Movie Review: Chinese experts battle and chase after clues to a great treasure — “Schemes in Antiques”

How well do you figure the “National Treasure” movies played, how easily understandable were they to international audiences with even less knowledge of the arcana of American history than the average U.S. Joe?

That’s something I pondered while watching a Chinese mash-up of “National Treasure” and oh, “Antiques Roadshow,” with a smidgen of “Raiders of the Lost Ark.”

“Schemes in Antiques” is a history-hunting adventure about a missing jade head from a Buddha statue, a work of legend long lost after it was lopped off, then rediscovered and then abruptly sold to the hated Japanese when a member of one of the “Plum Blossom Five,” the esteemed and ancient first families of Chinese antiques dealing, made a deal.

That family fell into shame, “pariahs” for that sale, and are “Plum Blossoms” in name only in the film’s present day, 1992.

But when the Japanese heir to the fellow who bought this Tang Dynasty temple’s jade Buddha head says she wants to return it to China, her ancestor’s will decreed that a member of the family of the “traitor” who sold it be the one to receive it, thus clearing a stain from two nations and two family’s names.

That “heir” proves to be hard to find, having changed his name and what not. But he’s found, and his quick take on the diplomatically-handed-over head isn’t positive. The head she wants to hand off is a fake. T

hat sends that hapless, hustling alcoholic heir Xu yuan (Lei Jiayin) on a mad pursuit of clues left behind by his late father, while pursued by assorted gangs and the more respectable heir Yao Buran (Alan Aruna) to the other family whose ancestor helped recover the head, but wasn’t in on the secret sale to a Japanese collector long ago.

That’s a complicated set-up, so it’s no wonder that tedious voice-over narration by hustler Xu yuan (Lei) has to load down the first seven minutes with literally nothing but exposition, and the first half hour plays as prologue as our two heirs are matched in a snappy ancient Chinese artifacts and antiques authenticate-off.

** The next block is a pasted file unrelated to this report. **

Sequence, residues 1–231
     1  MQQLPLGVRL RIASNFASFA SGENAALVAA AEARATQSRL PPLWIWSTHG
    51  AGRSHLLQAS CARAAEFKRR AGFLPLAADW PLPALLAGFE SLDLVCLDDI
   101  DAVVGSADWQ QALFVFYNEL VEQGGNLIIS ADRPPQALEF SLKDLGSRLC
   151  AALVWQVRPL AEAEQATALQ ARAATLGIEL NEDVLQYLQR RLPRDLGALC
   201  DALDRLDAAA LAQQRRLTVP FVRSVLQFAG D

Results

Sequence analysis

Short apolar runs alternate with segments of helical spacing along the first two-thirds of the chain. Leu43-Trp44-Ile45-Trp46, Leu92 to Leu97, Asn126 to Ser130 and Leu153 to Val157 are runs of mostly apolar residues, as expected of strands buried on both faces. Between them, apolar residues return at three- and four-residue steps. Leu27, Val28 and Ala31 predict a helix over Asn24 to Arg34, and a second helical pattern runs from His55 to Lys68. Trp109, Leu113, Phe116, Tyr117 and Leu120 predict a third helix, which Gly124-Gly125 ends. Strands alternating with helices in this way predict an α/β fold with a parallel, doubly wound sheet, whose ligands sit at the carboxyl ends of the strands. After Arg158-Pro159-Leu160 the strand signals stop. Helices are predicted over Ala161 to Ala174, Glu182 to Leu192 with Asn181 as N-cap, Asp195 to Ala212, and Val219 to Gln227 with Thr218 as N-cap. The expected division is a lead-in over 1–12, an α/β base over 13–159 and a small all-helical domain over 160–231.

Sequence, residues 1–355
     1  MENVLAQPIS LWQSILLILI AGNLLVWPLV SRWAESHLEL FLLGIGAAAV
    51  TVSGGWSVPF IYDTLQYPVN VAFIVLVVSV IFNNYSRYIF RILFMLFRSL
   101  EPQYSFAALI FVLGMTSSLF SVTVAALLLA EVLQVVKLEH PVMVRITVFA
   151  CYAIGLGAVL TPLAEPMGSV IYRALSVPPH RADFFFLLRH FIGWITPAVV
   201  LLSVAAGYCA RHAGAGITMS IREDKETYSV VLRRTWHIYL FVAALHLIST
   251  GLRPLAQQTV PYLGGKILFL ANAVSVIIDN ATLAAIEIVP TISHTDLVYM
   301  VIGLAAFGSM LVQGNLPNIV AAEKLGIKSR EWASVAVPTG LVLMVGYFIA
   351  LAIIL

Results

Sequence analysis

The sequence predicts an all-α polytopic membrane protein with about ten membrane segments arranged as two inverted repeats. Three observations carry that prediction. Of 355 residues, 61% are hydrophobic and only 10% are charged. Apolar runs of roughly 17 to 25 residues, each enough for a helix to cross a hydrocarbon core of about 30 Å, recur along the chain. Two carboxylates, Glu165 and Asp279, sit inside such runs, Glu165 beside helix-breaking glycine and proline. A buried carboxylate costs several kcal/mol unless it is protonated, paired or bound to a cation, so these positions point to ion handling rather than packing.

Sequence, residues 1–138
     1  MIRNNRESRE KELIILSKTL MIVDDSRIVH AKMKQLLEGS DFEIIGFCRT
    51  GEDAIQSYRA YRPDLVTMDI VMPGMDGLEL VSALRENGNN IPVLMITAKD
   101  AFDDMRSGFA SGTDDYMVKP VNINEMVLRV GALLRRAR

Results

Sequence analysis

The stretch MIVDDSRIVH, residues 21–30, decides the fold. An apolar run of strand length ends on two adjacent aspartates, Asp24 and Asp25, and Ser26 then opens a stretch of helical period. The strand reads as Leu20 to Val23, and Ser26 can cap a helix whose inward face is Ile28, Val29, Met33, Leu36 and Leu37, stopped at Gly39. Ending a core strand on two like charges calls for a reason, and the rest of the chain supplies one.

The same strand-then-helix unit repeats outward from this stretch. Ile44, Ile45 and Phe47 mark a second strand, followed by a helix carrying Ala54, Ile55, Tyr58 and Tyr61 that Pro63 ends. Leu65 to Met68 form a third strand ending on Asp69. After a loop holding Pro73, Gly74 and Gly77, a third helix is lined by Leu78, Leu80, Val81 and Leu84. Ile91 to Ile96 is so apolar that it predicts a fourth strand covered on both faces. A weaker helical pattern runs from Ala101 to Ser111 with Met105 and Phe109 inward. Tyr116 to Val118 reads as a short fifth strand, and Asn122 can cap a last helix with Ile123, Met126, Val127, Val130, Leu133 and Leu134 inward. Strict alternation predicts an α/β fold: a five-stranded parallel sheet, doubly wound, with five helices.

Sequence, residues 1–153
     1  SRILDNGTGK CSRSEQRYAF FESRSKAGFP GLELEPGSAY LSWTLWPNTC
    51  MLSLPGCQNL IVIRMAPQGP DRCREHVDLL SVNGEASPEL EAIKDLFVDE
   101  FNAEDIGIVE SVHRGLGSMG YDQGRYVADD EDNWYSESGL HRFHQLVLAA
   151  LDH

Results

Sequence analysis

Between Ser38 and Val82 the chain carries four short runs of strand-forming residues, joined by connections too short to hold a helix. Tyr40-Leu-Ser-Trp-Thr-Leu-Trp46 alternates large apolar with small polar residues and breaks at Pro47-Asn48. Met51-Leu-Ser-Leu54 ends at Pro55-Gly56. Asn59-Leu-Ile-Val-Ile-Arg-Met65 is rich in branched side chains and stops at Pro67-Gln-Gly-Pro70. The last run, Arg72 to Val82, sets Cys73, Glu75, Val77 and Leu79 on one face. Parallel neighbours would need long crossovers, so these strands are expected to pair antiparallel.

That’s how they’ll decide “who” the head is handed off to. How…original.

“Schemes in Antiques” is a film, based on a poplar Chinese novel, that bogs the viewer down in dozens of dynasties, vast numbers of vases and arcane bits of Chinese historical lore wherein lie the clues as to where the “real” head is hidden. This mountain of detail isn’t really what the movie is about, and may not be an issue if you’re Chinese and viewing this. But after a brisk beginning, where our drunken anti-hero spectacularly hustles his local “fake” antiquities market, the film staggers to a near crawl.

And the light tone promised by “Drunken (Antiques) Master” sobers up and dulls down.

Xu yuan can’t fight worth a damn, which would be handy as thugs beset him. The “chairman’s” granddaughter, Yanyan (Xin Zhilei), turns out to be the classic “SHE is the martial artist in this team” switch as she assigns herself to be his sidekick.

Except the fights are few and far between.

The story stumbles from one “suspect” or “underworld figure with the next clue” to another. One is an ex partner of Xu’s dad (Ge Yu), a con artist in his own right. Another is the elusive underworld figure Lao Zhaofeng, and then there’s Lord Zheng, a shot caller and dealer of long-standing ill repute, a “Lord” who turns out to be a woman (Mei Yong).

And every so often, a clue or antique is confronted, examined in detail by each expert, with their intense gaze bringing ceramic painted dragons and the like to life, at least in their minds, as they mention the details that separate “authentic” from “fake.”

Xu, once he sobers up, has the edge in this regard thanks to his apparently-perfect recall of conversations or encounters he remembers — even from the edge of consciousness — and his apparent eidetic memory.

Unfortunately, once Xu sobers up, the movie loses most of its pop, pizazz and light touch. Without more chases, more fights and more fumbling and stumbling across “the truth,” “Schemes” outsmarts itself and simply talks and “dynasties” itself to death.

I had higher expectations for this, seeing as how history and artifacts and clue-by-clue mysteries are hard to pass up. But “Schemes” schemes itself out of ever being interesting enough to hold my attention.

Lei Jiayin’s performance loses its appeal and edge as the character dries out and cleans up. There’s no “love interest,” just more and more characters added on and endless explorations of what might be inside this bronze mirror or that cave or contained within a clockwork puzzle game of “Go.”

The stakes in this can have a deadly edge. And the elements of a better “quest” movie are present.

But without the pace or giddiness of its Hollywood antecedents, I have to say this promising Chi-Kin Kwok (“Journey to the West,” ugh) project turns more “Roadshow” than “Raiders,” and that’s just a bore.

Rating: unrated, violence

Cast: Lei Jiayin, Xin Zhilei, Alan Aruna, Mei Yong, Qin Yan and Ge Yu

Credits: Directed by Chi-Kin Kwok, scripted by Hai Huang, Chi-Kin Kwok, Fan Wenwen and Kuan Zhu, based on a novel by Marberionius (Ma Boyong). A Well Go Entertainment release.

Running time: 2:03

About Roger Moore

Movie Critic, formerly with McClatchy-Tribune News Service, Orlando Sentinel, published in Spin Magazine, The World and now published here, Orlando Magazine, Autoweek Magazine
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